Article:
Is Character Still an Issue?

Article excerpt


Character is the bedrock on which the edifice of leadership rests. ... Without [character], particularly in the military profession, failure in peace, disaster in war or, at best, mediocrity in both will result. Zen Matthew Ridgway

HE INTENT OF the current Air Force core values initiative is both noble and vitally important. The initiative consists of the publication United States Air Force Core Values (also known as the Little Blue Book)' and three major strategies: a schoolhouse "weave" (education), a field weave (leadership element), and a continuation phase. It also includes The Guru's Guide and a four-day course that prepares gurus to help with this program.2 Unlike the core values initiative of 1993, the current program does not seem to be in danger of drifting away due to neglect.

Global Engagement: A Vision for the 21st Century Air Force highlights the importance of our core values and sets the stage for the future Air Force.3 With its comprehensive and cohesive architecture, the current program may be one of the best designed ones from an overall policy perspective.4 It also includes some innovative teaching methods and techniques.

Overall, the people involved in the initiative should be commended for their efforts. However, we need to analyze and address several troubling paradigm shifts in order to improve this program, which is so critical to the future of the Air Force.

Historically, character education has always been integral to the military profession in Western culture. Aristotle, the teacher of Alexander the Great, developed a theory of philosophy in terms of excellent character traits or virtues. Aristotle believed that one can become an excellent person by performing excellent actions until doing so becomes habitual. "Over the centuries the profession of arms has developed a number of principles, traits, rituals and codes that have served soldiers, in peace and war, very well."5 In this country, we have combined the great wisdom of the sages and have encouraged the religious and spiritual aspects of life, dating from our first commander in chief.6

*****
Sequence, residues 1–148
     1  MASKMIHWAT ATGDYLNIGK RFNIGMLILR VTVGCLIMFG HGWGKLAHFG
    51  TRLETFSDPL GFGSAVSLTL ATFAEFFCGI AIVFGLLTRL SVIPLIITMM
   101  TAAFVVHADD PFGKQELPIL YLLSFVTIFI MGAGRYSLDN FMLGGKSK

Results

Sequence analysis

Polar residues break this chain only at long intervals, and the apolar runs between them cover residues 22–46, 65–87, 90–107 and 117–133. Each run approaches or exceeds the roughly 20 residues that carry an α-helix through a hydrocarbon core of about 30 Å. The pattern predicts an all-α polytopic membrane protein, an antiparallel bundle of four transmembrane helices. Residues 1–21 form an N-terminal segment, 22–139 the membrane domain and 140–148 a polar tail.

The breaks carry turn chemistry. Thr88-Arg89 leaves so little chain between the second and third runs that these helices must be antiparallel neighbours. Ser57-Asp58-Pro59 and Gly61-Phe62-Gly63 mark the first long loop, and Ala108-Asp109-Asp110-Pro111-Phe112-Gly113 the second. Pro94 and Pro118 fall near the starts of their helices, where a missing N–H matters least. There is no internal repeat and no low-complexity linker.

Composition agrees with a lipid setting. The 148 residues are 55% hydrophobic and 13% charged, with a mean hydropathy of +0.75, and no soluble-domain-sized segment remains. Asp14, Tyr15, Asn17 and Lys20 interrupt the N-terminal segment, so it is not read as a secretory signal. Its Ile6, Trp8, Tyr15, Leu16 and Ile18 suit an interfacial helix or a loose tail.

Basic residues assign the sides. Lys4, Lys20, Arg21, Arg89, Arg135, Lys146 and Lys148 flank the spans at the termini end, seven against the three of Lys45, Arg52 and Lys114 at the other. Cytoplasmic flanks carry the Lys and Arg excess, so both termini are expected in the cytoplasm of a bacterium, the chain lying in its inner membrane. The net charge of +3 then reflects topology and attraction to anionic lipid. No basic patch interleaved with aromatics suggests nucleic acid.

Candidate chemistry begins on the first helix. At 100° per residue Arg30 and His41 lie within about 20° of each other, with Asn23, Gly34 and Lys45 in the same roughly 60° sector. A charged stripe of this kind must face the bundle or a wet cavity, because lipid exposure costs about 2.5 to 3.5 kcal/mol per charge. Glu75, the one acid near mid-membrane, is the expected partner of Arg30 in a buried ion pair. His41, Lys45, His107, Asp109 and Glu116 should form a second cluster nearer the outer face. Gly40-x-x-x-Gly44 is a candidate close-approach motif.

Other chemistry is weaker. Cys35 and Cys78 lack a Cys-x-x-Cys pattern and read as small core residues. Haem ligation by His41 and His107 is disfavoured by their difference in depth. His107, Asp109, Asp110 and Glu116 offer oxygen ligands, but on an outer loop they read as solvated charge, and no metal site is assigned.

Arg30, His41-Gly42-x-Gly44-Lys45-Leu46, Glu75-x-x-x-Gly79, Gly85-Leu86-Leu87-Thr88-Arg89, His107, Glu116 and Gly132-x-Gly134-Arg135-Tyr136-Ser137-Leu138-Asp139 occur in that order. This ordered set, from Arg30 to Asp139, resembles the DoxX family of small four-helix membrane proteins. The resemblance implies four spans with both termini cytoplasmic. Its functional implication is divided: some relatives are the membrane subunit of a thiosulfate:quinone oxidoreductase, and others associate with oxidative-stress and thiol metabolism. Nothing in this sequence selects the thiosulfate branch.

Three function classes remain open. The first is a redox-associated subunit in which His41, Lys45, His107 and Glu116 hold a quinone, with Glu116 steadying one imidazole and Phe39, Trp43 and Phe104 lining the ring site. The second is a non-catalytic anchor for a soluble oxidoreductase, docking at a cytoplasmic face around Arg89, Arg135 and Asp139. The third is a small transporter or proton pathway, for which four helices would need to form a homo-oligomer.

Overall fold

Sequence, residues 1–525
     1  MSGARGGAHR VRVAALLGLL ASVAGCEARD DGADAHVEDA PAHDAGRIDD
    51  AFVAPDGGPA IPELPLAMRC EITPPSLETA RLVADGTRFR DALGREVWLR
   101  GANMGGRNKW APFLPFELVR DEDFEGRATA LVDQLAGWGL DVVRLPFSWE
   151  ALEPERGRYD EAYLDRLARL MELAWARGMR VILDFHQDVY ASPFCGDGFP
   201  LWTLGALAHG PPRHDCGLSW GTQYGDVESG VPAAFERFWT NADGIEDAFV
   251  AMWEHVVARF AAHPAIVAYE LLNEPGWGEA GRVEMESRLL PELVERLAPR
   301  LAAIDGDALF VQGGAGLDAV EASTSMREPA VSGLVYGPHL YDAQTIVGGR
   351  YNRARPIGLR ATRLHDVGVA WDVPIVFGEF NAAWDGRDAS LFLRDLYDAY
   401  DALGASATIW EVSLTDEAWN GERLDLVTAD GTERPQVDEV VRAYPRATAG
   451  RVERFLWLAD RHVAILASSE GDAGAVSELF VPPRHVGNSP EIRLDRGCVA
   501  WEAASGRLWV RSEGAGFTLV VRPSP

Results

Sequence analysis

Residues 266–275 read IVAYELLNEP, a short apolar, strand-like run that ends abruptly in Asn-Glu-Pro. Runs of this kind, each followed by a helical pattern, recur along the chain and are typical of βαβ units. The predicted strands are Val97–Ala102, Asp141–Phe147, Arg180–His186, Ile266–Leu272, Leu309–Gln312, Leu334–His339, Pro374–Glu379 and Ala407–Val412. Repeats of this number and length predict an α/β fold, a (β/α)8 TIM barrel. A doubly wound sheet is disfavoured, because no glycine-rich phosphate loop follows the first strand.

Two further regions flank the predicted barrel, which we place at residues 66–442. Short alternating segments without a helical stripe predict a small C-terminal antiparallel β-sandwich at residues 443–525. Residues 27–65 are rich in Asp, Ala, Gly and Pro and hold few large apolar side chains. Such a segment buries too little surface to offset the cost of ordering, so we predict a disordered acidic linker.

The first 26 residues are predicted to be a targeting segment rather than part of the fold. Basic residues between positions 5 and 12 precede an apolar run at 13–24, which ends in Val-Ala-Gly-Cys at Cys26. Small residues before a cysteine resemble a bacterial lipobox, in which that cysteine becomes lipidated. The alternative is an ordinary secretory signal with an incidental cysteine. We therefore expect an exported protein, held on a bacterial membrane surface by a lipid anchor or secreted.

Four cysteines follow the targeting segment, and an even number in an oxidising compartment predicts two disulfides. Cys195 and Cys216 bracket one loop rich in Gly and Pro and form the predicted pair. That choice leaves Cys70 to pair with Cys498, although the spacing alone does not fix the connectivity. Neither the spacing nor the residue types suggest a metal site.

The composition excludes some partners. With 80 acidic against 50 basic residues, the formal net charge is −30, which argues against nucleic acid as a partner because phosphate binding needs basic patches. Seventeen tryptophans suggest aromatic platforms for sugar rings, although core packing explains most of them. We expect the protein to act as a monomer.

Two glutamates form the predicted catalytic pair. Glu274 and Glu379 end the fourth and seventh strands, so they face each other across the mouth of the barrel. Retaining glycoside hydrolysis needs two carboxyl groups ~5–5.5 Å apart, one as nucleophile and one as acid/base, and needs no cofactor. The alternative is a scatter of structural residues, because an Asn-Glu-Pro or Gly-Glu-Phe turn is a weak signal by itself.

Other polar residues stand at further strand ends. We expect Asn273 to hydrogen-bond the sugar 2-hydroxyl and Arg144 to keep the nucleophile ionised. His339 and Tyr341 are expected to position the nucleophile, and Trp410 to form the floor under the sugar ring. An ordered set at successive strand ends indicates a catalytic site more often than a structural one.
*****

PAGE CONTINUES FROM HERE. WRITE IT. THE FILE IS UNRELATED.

In a thesis recently completed at the Air Force Institute of Technology, Gregory J. Dierker identifies significant changes to the most recent Air Force values initiative. On the positive side, changes have occurred that include more commander involvement and a focus on the ethical environment. On the negative side, changes include "a reduced emphasis on character development and the greatly reduced role that the chaplain plays in these values-related initiatives"7 (see table 1).

A Paradigm Shift from Character?

Our first task is to fix organizations; individual character development is possible, but it is not a goal.

-Little Blue Book

With this bold statement, the Little Blue Book declares a decided shift in emphasis. It also notes that "long before we seek to implement a character development program, we must thoroughly evaluate and, where necessary, fix our policies, processes and procedures."8 The Guru's Guide dismisses and muddies the character9 issue even further:

"Character development will probably take place. . . but that will be a happy byproduct and not a strategic goal."lo This is confusing at best, a paradigm shift at worst.

Throughout history, people who have served in the military have always known that effectiveness and success rest far more on the moral quality of officers and other personnel than on technical expertise.ll Gen Nathan Twining, former Air Force chief of staff, wrote that "technical proficiency alone is not enough."12 The best weapons money can buy are literally worthless unless one has people who can think critically and use them properly. One also needs military leaders who are worthy of honor and trust. As Col Anthony E. Hartle of West Point writes, "Persons of strong character are the ultimate resource for any military organization. …